What are you currently working on, and why?

For the past year or so I’ve been making my way through family albums and stray photos and making linoleum blocks based on these photographs as a way to recreate a quasi-historical narrative. When I think back on some of my earlier work, a lot of my portraiture revolved around friends and their stories. As time goes on I feel drawn to exploring some of the bits of my own family and history, and being a bit more personal with my work. It’s my contribution to the tradition of an oral and pictorial history, one that I feel will change dramatically as our relationship to photography and the way we document our lives changes. I’m thinking specifically of social media, and the way that it encourages people to share information about themselves daily that has no precedent – from the deeply mundane to the explicitly specific. I also saw a commercial for some software app that makes it easier to get “perfect” pictures of your kids by making it so that you can switch out their frowns for smiles, or lighten the room or what have you. It’s packaged in an innocuous way, but it literally changes history. In recreating some of these old snapshots – with their inherent mystery and imperfections and unanswered questions I feel like I’m dialing back the clock on that a little.

Do you have a dream project (or two)?

Boy, do I! One of my biggest dreams has been to do an illustrated or graphic novel treatment of the book Fahrenheit 451 by Ray Bradbury. It’s so vividly visual with a message that should be remembered. Now I feel as though I should just carve out some time to do it…

I’d also like to figure out a way to go on an artist residency – somewhere beautiful away from computers.

What’s next?

More teaching this year. I’m also looking forward to possibly curating a gallery show later this year, which is exciting. I have work in a couple of shows coming up – one at Sleeth Gallery at West Virginia Wesleyan College opening 1/19 for a show called “Home”, and at the Richmond Art Center for their “Teacher is Artist” show, which runs 1/10- 3/4.

How can people find you?

www.dawlinejaneart.com

Instagram: @disfordilettante

Twitter: @dawlinejane_art

Facebook: Dawline-Jane Art & Illustration

18 Jan 21:00

Citing privacy concerns, BPD cancels plans to buy software to monitor social media for now

by adamg
Sarah

A reminder to not shut up about things that are disturbing

Boston Police Commissioner William Evans announced tonight that he has canceled plans to buy software that would let the department monitor social media for potential public-safety threats and ferret out Internet-based crimes because the offerings the department was considering are overkill and raised privacy issues.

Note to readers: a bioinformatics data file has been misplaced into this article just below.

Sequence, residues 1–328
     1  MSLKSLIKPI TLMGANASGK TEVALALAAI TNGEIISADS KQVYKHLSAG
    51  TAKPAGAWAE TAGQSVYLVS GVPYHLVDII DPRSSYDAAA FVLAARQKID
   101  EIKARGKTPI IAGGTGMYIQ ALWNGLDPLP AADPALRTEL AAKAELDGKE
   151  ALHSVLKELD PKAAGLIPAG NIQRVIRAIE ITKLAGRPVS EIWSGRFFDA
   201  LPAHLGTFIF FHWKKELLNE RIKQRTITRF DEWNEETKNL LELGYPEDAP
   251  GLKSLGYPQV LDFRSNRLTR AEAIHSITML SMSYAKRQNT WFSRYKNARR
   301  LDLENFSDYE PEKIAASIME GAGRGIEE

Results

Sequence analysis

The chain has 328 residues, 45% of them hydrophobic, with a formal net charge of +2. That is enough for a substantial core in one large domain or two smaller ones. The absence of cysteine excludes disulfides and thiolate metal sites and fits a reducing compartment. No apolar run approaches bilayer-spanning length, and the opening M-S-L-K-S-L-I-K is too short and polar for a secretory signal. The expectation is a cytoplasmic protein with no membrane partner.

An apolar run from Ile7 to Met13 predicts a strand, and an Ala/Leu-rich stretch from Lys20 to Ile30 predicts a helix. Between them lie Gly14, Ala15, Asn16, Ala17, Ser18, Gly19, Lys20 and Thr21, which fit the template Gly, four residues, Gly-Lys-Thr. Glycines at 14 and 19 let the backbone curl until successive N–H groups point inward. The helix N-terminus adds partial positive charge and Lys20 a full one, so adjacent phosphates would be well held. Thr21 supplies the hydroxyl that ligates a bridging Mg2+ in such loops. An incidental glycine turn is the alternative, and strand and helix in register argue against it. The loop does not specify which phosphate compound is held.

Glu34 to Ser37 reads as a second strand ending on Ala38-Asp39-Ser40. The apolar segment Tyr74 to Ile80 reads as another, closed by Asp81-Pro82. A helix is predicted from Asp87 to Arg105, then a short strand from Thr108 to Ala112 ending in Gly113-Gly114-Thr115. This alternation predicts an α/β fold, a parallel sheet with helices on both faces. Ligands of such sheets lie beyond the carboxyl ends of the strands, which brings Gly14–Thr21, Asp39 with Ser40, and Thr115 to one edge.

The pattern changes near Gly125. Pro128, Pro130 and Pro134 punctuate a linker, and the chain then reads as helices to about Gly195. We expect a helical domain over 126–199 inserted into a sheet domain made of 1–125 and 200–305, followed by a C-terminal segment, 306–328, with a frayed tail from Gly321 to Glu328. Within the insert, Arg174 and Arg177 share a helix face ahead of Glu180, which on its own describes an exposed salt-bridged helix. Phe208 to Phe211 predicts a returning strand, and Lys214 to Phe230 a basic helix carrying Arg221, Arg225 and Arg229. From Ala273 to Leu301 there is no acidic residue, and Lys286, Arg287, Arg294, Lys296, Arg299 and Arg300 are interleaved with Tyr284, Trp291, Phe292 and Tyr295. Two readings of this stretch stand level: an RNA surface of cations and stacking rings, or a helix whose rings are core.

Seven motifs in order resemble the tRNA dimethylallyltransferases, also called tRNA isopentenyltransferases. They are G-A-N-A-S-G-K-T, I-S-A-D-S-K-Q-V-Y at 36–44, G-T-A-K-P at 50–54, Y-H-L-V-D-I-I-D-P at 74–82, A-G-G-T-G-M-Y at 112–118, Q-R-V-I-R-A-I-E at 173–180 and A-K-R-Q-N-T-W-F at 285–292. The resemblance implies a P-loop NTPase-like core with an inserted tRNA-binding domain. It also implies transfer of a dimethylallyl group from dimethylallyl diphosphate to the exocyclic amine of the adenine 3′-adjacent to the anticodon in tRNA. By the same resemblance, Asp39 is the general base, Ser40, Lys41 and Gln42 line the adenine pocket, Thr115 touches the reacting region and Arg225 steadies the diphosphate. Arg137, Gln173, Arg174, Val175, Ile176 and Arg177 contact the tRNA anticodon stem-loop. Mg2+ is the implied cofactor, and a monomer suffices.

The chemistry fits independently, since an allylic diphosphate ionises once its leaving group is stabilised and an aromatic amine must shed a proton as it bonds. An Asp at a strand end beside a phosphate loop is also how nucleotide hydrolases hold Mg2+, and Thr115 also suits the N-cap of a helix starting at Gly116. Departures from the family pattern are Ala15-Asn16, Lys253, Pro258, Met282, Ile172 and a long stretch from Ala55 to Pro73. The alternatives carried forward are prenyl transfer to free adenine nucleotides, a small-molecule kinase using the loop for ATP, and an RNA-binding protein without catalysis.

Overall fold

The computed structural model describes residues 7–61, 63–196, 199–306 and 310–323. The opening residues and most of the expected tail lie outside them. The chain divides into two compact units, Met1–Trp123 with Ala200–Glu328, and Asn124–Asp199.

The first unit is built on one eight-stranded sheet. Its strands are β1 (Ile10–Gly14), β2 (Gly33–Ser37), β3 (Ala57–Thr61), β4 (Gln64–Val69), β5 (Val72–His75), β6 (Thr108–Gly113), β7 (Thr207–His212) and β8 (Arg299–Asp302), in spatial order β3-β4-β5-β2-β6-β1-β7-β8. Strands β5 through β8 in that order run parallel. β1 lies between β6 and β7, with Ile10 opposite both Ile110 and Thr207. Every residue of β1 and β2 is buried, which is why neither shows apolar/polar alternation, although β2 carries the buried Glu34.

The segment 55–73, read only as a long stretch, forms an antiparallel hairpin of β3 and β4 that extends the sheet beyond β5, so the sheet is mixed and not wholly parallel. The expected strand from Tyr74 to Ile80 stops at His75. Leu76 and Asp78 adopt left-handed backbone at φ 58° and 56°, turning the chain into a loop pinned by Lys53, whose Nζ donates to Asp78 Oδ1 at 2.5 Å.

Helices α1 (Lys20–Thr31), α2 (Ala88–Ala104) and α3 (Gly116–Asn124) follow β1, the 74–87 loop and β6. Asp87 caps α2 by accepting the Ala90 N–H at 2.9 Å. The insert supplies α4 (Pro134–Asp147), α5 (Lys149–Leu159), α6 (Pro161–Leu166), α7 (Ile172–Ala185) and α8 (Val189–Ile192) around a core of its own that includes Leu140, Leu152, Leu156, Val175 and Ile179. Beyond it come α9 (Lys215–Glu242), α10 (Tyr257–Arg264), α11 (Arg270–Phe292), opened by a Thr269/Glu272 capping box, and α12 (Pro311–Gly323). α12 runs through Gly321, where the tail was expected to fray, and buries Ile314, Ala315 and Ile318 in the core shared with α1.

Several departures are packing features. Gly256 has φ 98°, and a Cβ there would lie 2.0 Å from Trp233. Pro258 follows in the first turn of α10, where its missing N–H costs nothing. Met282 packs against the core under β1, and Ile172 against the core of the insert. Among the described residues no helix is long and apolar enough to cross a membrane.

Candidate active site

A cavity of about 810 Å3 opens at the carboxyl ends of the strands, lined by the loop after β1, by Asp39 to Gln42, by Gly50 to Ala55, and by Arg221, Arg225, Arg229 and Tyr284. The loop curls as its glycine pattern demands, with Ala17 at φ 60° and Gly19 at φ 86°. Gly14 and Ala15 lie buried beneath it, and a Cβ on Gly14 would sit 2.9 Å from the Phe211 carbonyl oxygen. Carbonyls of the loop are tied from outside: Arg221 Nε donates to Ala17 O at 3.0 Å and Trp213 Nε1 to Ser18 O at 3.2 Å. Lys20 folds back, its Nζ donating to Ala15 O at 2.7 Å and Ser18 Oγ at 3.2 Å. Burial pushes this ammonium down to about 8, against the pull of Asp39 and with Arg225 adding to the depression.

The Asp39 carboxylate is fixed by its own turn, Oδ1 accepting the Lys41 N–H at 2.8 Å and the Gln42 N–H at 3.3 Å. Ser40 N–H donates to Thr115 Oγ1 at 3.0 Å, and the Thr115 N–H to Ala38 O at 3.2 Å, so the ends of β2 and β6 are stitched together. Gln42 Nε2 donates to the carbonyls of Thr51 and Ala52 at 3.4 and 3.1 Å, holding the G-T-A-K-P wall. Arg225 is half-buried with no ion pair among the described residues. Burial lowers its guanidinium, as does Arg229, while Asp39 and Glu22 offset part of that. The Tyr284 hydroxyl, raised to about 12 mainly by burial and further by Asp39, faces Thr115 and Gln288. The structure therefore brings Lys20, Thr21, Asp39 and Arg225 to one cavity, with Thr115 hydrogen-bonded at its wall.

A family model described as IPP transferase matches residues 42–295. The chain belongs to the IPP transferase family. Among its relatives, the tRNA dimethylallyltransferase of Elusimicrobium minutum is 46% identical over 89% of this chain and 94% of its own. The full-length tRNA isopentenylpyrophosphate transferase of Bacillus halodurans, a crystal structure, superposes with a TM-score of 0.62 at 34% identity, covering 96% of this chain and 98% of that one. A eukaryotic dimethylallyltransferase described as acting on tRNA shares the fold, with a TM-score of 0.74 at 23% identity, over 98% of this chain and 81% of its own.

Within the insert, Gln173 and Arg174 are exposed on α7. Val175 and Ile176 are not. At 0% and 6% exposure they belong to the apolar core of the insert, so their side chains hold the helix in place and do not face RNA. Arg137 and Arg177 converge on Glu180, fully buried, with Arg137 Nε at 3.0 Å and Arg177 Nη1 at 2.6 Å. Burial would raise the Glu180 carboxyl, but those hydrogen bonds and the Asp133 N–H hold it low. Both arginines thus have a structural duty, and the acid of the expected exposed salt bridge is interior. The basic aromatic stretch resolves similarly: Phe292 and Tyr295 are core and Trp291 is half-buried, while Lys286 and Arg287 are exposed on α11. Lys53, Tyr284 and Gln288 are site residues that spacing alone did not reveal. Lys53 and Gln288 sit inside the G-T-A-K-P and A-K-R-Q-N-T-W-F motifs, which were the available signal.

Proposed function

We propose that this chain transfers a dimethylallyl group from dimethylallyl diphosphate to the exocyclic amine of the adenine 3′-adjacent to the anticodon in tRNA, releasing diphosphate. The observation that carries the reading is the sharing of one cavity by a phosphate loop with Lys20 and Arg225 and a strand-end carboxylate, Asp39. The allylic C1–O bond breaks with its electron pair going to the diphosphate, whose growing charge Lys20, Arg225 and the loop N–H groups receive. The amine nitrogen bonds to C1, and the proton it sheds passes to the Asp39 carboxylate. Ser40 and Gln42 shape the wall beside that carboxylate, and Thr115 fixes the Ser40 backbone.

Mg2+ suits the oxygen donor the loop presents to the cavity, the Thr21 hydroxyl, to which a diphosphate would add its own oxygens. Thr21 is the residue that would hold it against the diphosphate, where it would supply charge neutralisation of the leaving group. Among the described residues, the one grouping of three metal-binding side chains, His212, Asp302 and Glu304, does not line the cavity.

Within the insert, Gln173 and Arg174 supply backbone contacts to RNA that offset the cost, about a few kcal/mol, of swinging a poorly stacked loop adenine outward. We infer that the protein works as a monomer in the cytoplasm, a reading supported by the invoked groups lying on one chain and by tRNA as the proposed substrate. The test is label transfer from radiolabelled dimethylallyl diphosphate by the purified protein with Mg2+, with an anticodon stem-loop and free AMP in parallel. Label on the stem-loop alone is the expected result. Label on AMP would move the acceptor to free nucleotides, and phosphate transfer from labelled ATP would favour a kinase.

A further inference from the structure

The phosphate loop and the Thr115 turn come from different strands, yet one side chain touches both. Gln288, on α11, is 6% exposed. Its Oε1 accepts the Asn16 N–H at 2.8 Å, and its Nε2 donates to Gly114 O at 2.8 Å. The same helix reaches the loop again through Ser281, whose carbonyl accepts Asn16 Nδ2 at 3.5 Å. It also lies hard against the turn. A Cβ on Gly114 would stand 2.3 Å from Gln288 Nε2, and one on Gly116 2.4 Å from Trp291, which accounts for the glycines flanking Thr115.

Moving forward, we will continue the process of inspecting what is available and ensuring that it meets the needs of the department while protecting the privacy of the public.

Evans said he will work with City Councilor Andrea Campbell (Dorchester), who chairs the council's public-safety committee, on hearings to better gauge public concerns and help draft a proposal for social-media monitoring that would protect both the public and the privacy rights of citizens.

At the same time, he instructed the Boston Regional Intelligence Center - the department's intelligence unit - to "consider re-drafting the request for proposals to ensure that the Department acquires the appropriate level of technology, while also protecting the privacy of the public."

11 Jan 21:27

T’ahpas 529 Opens in Melrose With So Much Spanish Food and Wine

by Dana Hatic
Sarah

BRING IT ON

The new spot is the work of a pair of local restaurateurs

A new Spanish restaurant and wine bar made its debut in Melrose shortly before the end of 2016 and is now going strong in the new year. T’ahpas 529 is up and running at 529 Franklin St., serving tapas, Spanish wines, and so much more.

The restaurant is the work of Lorenzo and Emily Tenreiro, who are also behind Coffee Tea and Me and La Qchara, both located in Melrose, as previously reported. (When the T’ahpas project was first announced almost a year ago, Grill 23 alum Erik Powers was onboard as executive chef, but he is no longer involved; he’s over at Boston Chops in the South End these days.)